Predicting Volcanic Eruptions Using Real-time 4D+ Microscopy of Bubble Interactions in a Solid-Liquid Mush

Lead PI: Einat Lev

Unit Affiliation: Seismology, Geology and Tectonophysics, Lamont-Doherty Earth Observatory (LDEO)

May 2017 - April 2019
Project Type: Research

DESCRIPTION: Magma, the driver of volcanic eruptions, is a three-phase mixture composed of liquid melt, solid crystals, and gas bubbles. The interaction between these three components determines the style of eruption: a violent explosion, a moderately energetic lava fountain, or a quietly oozing flow. Scientists studying volcanoes have developed theories to describe how particles or bubbles move within a viscous liquid, yet models for the behavior of all three phases together are still lacking. Lab experiments using three-phase mixtures have so far been limited in their ability to directly observe these interactions–experiments have observed flow from the outside of the flow chamber, flows have been limited to only narrow, two-dimensional domains, or three-dimensional images have been made only after flow and interactions have ceased. We will be using a novel microscopy technique (SCAPE) to image, for the first time, the interaction of particles and bubbles suspended in a viscous liquid, in three dimensions and in real time. Our observations will provide constraints to models of three-phase flow and insight into magma dynamics and volcanic eruptions.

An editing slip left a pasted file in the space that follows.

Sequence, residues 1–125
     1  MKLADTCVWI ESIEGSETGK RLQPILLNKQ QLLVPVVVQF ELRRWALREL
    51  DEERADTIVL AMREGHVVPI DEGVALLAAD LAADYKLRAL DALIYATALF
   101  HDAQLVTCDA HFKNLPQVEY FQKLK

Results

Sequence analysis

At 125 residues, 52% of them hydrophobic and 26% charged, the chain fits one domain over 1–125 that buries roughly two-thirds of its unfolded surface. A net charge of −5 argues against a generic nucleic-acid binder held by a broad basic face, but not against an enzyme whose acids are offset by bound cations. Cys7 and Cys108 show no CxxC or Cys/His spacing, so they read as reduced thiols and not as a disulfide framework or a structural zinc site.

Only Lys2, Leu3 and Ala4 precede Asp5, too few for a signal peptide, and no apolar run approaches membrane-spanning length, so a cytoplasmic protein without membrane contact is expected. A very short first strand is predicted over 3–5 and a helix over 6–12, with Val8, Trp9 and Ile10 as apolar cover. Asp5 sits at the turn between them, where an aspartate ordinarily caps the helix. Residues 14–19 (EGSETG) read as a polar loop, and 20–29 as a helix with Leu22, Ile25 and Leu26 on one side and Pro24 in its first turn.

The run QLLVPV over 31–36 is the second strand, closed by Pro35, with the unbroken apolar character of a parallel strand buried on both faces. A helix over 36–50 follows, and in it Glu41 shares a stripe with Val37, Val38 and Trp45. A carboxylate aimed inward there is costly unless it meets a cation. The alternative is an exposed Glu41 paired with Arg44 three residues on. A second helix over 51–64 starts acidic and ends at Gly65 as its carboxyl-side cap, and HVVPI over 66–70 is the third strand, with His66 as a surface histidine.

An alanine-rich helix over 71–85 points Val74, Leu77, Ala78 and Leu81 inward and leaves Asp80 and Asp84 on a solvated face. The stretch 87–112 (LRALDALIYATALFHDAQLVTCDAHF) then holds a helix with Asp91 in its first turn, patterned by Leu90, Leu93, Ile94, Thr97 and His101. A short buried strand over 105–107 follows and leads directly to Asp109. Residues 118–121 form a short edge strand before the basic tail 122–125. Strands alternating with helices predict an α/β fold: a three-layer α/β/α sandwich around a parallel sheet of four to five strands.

Columbia University RISE




Zuckerman Institute


magma modeling microscopy volcanic eruption volcanism


Earth fundamentals